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Psychedelics drugs - Ways Psychedelics May Affect the Brain

by shree kulkarni 3 months ago in personality disorder / treatments / selfcare / advice

What is a psychedelic drug? and psychedelics meaning.

psychedelics definition:

What is a psychedelic Drug? And psychedelics meaning:

Psychedelics are a class of hallucinogenic drugs whose primary effect is to trigger non-ordinary states of consciousness through the over-aggression of serotonin 2A receptors. Psychedelics with the greatest cultural and scientific influence are mescaline, LSD, psilocybin, and DMT. They cause specific psychological, visual, and auditory effects, as well as a substantial alteration of consciousness.

Since the last decade, discussions around psychedelics have grown rapidly, driven in part by research showing their safety and effectiveness in treating a variety of mental health conditions, from depression to anxiety to addiction. Molecules that produce psychedelic effects affect our mood and thinking dramatically. However, the exact mechanism by which they exert their effects on our brain is less clear. Researchers have noted several overarching themes, regardless of the mechanisms of each psychedelic. Here are five ways in which psychedelic molecules may affect our brains.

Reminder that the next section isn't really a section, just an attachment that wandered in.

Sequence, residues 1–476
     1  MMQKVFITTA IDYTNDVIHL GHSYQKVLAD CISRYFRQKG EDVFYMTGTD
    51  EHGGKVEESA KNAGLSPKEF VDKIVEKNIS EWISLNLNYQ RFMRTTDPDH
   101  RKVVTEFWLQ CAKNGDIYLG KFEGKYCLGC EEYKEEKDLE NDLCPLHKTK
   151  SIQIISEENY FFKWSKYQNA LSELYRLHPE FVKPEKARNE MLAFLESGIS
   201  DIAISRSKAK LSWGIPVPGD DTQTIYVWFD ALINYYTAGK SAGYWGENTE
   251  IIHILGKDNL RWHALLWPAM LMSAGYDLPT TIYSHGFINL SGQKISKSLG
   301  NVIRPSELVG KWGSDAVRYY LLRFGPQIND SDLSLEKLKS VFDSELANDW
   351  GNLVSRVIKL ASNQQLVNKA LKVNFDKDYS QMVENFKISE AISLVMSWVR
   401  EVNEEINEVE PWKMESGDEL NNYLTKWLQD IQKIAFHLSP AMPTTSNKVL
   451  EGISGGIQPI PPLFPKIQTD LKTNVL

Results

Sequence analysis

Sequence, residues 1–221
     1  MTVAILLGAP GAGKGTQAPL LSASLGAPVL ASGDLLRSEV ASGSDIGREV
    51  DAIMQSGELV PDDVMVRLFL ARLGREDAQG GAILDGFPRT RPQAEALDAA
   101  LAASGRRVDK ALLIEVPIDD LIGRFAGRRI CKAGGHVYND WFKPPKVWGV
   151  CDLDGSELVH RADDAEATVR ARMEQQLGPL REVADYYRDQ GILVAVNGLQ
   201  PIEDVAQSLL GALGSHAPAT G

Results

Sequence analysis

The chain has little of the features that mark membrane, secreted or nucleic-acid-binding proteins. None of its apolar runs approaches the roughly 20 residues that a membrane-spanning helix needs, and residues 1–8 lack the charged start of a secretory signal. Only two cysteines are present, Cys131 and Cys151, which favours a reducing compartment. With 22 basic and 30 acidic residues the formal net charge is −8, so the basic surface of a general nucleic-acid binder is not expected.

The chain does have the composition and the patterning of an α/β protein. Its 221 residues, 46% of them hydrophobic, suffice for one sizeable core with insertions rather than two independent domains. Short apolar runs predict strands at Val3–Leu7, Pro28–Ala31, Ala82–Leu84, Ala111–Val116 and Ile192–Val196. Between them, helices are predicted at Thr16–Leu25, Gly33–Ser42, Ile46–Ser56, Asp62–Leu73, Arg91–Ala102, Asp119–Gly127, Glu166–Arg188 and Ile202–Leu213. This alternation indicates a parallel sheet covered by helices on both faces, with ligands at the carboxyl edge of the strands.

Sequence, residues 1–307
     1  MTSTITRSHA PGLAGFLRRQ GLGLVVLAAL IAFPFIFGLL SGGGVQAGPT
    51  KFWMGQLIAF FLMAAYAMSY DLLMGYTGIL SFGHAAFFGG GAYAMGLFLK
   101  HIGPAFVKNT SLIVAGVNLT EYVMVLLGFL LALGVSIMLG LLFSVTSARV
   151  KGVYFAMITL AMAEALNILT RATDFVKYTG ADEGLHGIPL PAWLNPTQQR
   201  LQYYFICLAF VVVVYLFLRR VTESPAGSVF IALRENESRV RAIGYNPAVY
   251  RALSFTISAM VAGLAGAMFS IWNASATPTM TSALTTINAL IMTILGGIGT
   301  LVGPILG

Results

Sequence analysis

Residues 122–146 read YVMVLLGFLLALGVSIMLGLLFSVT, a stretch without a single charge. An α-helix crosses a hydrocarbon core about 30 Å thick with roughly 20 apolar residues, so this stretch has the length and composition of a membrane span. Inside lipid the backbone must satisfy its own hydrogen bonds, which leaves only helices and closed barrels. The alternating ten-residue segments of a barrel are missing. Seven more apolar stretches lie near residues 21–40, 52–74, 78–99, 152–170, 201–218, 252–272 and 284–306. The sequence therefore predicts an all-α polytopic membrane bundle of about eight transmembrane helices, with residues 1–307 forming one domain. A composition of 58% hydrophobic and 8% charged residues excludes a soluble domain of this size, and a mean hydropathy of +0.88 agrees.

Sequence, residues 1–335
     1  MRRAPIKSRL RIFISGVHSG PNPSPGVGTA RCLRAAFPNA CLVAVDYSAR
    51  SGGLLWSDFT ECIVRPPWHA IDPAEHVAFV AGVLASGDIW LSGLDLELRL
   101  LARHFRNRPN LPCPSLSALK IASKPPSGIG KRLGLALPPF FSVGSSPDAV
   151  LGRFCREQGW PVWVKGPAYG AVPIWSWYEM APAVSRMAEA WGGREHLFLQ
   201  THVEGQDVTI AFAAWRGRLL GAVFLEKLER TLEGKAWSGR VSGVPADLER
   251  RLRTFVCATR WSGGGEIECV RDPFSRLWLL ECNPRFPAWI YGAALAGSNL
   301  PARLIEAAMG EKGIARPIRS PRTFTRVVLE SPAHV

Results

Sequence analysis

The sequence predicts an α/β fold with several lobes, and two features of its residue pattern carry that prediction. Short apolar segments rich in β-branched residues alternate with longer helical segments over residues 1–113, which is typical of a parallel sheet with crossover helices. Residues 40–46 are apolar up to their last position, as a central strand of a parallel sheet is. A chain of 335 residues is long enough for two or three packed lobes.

Ways Psychedelics May Affect the Brain

  • Neurotransmitters and their receptors are affected

Neurotransmitters, the chemical signaling molecules in the brain, are probably the most commonly cited effect of psychedelics. It is thought that many psychedelics work by affecting a site for the neurotransmitter serotonin known as the 2A receptor. The binding of psychedelics to the 2A receptor on neurons in the brain's cortex is believed to be a major contributor to their mind-altering effects.

Despite the importance of the serotonin 2A receptor, neurotransmitters play a more complex role. Other serotonin receptors may also be involved, and other neurotransmitters and their receptors (such as GABA, dopamine, norepinephrine, and glutamate) may also play a role.

  • Brain activation patterns changing:

A popular way to study the biological effects of psychedelics is to measure changes in brain activation patterns. The default mode network (DMN) has been the focus of much research in this area. Mind-wandering and thinking about the past and future are associated with the activation of the DMN. The brain's "homeostasis network" has been shown to be altered by psychedelics repeatedly. According to some, this finding may be correlated with the reorganization of thoughts and increased insight associated with the use of psychedelics.

Psychedelic use has been linked to a number of other brain activation changes as well. One of the more prominent effects of these changes is alterations in the connectivity between the prefrontal cortex (a part of the brain involved in emotional regulation and higher-level thinking) and the amygdala (a part of the brain's temporal lobe involved in emotion).